At odds over Ulster's odd couple

THE most surprising moves are now being made to try to break Northern Ireland's cycle of violence and counter-violence. The latest surprise came in the form of a meeting between John Hume and Gerry Adams.

Mr. Hume is the political leader of Northern Ireland's half-million Roman Catholics. Mr. Adams is the head of Sinn Fein, the political wing of the outlawed provisional Irish Republican Army (IRA).

Future meetings are likely to follow on the initial contact between the two men last month.

Hume's move met with strong criticism from political representatives of Ulster's 1 million Protestants and from leader-writers in influential journals such as the Times (London). But the meeting received the backing of Hume's own Social Democratic and Labour Party (SDLP), following a briefing to his key constituency supporters Jan. 23.

Hume advised his followers to be cautious about speculation on a possible IRA cease-fire following his Jan. 11 meeting with Adams. But the meeting between the two leaders may point to a possible shift in the IRA's declared strategy of gaining Irish independence ``with the ballot box in one hand and the Armalite rifle in the other.''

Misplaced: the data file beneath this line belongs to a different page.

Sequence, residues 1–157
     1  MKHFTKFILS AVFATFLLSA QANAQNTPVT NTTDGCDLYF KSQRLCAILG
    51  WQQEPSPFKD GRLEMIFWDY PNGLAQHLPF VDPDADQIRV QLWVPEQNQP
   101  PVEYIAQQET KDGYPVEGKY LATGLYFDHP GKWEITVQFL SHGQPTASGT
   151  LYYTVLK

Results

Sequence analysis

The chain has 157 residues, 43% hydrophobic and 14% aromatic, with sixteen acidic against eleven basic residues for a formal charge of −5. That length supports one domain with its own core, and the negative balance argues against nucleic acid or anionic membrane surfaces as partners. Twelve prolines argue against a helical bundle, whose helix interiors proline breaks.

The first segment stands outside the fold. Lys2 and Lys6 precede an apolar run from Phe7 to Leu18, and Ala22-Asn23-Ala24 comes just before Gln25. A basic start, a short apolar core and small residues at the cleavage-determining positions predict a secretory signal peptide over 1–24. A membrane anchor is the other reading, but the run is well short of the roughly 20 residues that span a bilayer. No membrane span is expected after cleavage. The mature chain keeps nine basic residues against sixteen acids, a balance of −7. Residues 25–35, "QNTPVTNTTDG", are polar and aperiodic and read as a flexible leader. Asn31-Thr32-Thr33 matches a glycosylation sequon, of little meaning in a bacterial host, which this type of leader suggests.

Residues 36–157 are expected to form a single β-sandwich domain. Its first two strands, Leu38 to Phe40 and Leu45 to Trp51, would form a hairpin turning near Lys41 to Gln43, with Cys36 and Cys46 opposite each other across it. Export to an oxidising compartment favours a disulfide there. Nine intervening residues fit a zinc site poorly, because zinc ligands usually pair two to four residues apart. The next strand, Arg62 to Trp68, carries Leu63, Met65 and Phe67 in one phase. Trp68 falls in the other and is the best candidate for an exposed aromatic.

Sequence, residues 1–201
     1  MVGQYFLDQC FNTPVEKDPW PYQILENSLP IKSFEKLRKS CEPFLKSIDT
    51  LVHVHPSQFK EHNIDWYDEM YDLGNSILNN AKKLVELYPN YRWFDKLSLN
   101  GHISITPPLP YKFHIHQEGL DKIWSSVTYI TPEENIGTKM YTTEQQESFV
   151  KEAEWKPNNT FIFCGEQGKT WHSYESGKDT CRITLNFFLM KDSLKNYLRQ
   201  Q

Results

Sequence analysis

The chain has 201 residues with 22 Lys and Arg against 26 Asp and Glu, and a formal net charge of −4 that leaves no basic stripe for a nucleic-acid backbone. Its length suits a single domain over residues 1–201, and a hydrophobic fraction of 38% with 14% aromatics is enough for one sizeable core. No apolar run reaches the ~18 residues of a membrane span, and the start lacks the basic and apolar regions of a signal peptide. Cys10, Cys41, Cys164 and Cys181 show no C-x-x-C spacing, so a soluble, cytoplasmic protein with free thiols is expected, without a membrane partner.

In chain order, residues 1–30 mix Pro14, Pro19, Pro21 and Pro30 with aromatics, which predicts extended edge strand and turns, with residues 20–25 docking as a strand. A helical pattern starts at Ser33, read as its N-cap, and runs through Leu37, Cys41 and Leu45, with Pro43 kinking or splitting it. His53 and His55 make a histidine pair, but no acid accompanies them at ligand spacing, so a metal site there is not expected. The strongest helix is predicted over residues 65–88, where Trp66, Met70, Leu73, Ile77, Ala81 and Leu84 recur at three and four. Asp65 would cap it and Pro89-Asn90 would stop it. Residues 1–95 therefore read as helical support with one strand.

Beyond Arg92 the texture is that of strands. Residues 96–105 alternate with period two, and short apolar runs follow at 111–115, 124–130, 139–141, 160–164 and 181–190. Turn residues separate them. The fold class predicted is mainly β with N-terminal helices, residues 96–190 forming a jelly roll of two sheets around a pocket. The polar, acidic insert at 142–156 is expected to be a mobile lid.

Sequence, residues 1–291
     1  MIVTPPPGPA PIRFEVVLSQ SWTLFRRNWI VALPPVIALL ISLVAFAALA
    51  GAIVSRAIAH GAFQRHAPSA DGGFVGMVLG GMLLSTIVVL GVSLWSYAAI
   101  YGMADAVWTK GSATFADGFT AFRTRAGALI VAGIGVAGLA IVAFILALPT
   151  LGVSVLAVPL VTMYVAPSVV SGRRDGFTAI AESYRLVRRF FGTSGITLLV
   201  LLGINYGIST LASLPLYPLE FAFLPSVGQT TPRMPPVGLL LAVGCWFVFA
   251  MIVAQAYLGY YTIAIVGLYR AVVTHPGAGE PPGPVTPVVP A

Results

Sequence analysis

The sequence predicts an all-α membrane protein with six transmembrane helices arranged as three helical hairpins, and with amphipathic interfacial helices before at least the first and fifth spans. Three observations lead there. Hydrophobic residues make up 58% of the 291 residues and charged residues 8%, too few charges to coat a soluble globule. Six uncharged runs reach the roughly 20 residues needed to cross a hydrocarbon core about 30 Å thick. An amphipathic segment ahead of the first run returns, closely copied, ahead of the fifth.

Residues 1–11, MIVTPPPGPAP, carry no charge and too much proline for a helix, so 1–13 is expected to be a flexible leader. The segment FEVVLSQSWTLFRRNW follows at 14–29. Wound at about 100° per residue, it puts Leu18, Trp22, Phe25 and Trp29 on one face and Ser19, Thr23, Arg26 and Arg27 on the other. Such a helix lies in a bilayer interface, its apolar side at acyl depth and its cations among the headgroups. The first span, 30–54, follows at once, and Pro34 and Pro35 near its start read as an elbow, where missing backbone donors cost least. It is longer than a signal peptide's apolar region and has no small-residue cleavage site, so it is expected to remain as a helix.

Both men made their positions clear after their first encounter. Hume said he had been approached by a ``third party,'' whom he respected, and who believed that it would be ``very productive'' if he were to meet with Adams. Hume said that the talks had been aimed at bringing violence to an end and that he had made this ``very clear'' to the Sinn Fein president. Adams said no ``military agenda'' had been involved and that the dialogue had been ``to examine ways in which conditions for peace could be established.''

It's not clear just why Hume - a respected Irish nationalist politician who is acknowledged to be one of the most able of his generation - took the step of meeting Sinn Fein and thus risked alienating further the leaders of Ulster Protestants at a time when there were hopes of both sides in Northern Ireland trying yet again to find some common ground, however tenuous.

The SDLP and Sinn Fein have only one objective in common. They both want a united Ireland. But they are totally opposed on methodology. Hume has repeatedly made clear his party's total repudiation of violence. The SDLP wants a peaceful transition, while Sinn Fein steadfastly refuses to disown the violence of the IRA. There is speculation that the Enniskillen bombing, an IRA attack that claimed 11 lives in November, sent shock waves through the militant Irish Republican movement. But since then the IRA has maintained its terror campaign, with more bombings and the murder of security personnel and one of its own alledged ``informers.''

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